Permethrin Toxicity .pdf

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Veterinarians are seeing an ever increasing number of cats being accidentally
poisoned by their good intentioned owners. Flea and tick preparations do have
some chemicals in them that are non toxic to dogs yet may be fatal to cats.

This particular chemical is a“synthetic pyrethroid” drug used to kill insects.
Permethrin is used in many spot on type products sold through vets, pet stores and
supermarkets for using on dogs to kill fleas, ticks and lice. The natural occurring
compound Pyrethrin made from an extract of certain flowers is less toxic and can
be used on dogs and cats BUT the Permethrin made synthetically is toxic to cats.
Permethrin is used in the dog products as it is longer lasting and more potent than
the natural occurring substance.
The Permethrin is a very effective compound at breaking down cell membranes of
insects and thus causing death. These chemicals have been used for years on dogs,
horses and other animals but have been found to be toxic to cats.
Owners need to always read the product literature carefully to determine whether
the product is safe to use on cats. Too often vets will have patients presented with
overdose symptoms. This is happening more frequently now because people are
purchasing some of their pet products on line and not receiving instructions on
how to use the products by trained veterinary staff.

Typical toxicity cases occur when owners use Advantix, Exelpet, Tiguvon type spot on products, Permoxin
rinse and various brands of tick collars. These products are usually labeled not for use in cats and often
contain the active ingredient PERMETHRIN which is extremely toxic to cats.
When applied to the skin of the cat, it will cause spontaneous muscle contractions within 10 minutes that
are seen as a shivering and shaking of the skin and coat,
muscle fasciculations and tremors, eventual seizure activity,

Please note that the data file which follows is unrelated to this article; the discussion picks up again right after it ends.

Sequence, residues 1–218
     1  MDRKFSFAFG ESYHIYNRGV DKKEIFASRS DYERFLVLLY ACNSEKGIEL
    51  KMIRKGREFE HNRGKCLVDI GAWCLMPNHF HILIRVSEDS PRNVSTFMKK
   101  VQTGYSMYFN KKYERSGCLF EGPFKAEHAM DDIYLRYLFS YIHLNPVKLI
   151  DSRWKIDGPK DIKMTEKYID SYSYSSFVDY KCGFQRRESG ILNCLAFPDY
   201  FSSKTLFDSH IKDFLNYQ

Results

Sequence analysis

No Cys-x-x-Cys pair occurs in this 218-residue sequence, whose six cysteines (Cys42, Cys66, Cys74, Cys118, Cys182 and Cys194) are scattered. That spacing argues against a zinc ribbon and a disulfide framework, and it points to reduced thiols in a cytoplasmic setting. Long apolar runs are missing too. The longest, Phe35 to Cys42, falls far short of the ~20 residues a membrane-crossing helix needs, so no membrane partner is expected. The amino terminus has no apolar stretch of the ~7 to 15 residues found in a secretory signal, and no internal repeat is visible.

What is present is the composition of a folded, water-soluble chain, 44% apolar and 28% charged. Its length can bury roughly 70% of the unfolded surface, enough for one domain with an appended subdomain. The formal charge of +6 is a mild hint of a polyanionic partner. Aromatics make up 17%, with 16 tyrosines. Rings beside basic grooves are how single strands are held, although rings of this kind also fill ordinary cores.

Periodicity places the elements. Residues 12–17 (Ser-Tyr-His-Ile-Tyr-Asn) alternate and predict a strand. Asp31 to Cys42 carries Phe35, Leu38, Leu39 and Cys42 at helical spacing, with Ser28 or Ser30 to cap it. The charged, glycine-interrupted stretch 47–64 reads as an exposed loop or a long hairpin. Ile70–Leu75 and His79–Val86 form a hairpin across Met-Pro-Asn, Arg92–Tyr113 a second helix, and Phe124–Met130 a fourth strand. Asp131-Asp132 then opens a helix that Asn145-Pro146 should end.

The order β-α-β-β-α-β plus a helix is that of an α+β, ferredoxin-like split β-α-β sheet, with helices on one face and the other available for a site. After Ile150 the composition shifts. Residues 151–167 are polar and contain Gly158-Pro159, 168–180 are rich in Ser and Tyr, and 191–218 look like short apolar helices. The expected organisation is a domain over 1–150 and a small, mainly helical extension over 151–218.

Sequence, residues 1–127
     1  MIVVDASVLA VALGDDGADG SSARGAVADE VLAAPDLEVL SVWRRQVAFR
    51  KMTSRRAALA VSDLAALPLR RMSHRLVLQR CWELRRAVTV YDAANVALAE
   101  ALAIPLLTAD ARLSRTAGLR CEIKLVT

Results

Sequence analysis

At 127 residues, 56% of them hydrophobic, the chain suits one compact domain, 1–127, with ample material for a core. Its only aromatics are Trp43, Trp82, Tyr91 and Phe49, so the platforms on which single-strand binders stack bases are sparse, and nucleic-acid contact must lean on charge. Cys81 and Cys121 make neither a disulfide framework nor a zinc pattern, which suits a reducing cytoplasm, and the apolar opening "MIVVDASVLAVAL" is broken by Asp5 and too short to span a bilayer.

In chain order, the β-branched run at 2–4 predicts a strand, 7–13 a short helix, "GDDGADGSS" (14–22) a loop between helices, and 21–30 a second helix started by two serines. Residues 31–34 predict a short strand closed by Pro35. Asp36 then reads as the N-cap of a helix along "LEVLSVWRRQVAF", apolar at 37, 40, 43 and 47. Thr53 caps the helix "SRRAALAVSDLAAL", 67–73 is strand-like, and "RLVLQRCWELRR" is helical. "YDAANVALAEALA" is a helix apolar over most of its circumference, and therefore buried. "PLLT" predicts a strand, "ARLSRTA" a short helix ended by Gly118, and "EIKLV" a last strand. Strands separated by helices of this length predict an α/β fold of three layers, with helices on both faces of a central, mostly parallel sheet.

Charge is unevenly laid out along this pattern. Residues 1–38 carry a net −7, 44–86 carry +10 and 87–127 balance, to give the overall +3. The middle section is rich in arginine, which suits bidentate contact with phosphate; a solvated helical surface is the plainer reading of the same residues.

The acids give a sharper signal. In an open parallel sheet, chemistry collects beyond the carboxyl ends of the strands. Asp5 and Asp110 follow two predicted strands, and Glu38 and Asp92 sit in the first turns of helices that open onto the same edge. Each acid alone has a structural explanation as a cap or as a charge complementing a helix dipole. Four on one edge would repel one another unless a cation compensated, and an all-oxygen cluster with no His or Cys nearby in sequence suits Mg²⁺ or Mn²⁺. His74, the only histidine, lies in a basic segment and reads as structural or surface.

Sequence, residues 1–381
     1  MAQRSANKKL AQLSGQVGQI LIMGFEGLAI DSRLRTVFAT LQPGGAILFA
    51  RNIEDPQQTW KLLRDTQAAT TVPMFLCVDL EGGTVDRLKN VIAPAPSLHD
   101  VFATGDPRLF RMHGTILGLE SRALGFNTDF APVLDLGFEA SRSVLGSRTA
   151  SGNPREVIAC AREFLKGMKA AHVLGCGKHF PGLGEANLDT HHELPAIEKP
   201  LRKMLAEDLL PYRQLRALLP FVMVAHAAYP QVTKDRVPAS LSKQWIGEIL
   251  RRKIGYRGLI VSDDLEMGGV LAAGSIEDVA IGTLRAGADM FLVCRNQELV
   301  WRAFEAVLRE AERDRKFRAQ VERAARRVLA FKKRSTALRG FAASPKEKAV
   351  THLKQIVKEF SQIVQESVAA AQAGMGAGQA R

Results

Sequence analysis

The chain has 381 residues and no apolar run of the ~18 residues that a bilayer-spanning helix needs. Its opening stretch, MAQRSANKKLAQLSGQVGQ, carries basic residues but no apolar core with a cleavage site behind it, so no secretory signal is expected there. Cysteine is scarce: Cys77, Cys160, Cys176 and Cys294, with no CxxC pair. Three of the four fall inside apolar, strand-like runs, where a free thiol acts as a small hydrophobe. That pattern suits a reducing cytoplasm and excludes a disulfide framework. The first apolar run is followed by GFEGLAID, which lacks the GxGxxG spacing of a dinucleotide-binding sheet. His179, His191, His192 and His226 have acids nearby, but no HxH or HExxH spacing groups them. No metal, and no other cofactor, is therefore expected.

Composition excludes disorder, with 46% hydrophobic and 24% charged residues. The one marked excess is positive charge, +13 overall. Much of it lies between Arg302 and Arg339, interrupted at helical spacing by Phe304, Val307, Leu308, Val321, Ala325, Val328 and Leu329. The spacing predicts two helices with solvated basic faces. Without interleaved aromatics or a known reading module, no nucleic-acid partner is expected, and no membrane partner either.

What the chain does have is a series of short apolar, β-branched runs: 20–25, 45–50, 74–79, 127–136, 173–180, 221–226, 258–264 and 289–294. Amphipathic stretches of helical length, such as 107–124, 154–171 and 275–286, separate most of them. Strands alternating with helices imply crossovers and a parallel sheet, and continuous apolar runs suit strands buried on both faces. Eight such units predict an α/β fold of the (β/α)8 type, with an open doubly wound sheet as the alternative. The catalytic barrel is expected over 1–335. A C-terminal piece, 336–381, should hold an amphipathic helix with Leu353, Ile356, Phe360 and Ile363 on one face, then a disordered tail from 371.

salivation and vomiting and without antidote treatment –
death can occur.
Dogs do not have a reaction to the PERMETHRIN unless
severely overdosed over a period of time. Cats have an
immediate toxicity reaction to the standard dog doses and so
should only ever be treated with “cat only” products.
Treatment for PERMETHRIN toxicity involves an antidote that
settles the muscle tremors and seizures. Until recently the
antidote was only availble in tablet form as Robaxin. An
injectable form has recently been released for trial. This is
given intravenously to effect, so often needs to be topped up,
meaning close observation is needed in hospital. Also
intravenous fluids are needed and sedatives to calm the cat.

Dog only product

What to do if you accidentally apply a product to
your cat containing Permethrin.
Most cats treated will survive if treated early enough.
Removal of the product is also needed to immediately
to reduce the amount of product absorbed into the
cat's skin.
This can be done with water and a soap solution, then
rinsed off.

Owners wishing to cover their cats for tick paralysis really only have one
option that is registered for use. Frontline in the spray formula does give
tick protection for up to 3 weeks. The problem with this is in its ease of
application. Most cats will not sit still for a complete body soaking in the
spray which is what is needed for it to be effective.
If spraying your cat is not possible you can still use of the top spot formula
of Frontline in cats every 2 weeks, so that cats will get some protection. It
is not a registered claim but on evidence of the effect on dogs we believe
it will give some protection.
The best prevention is still daily checking of your cat and dog.


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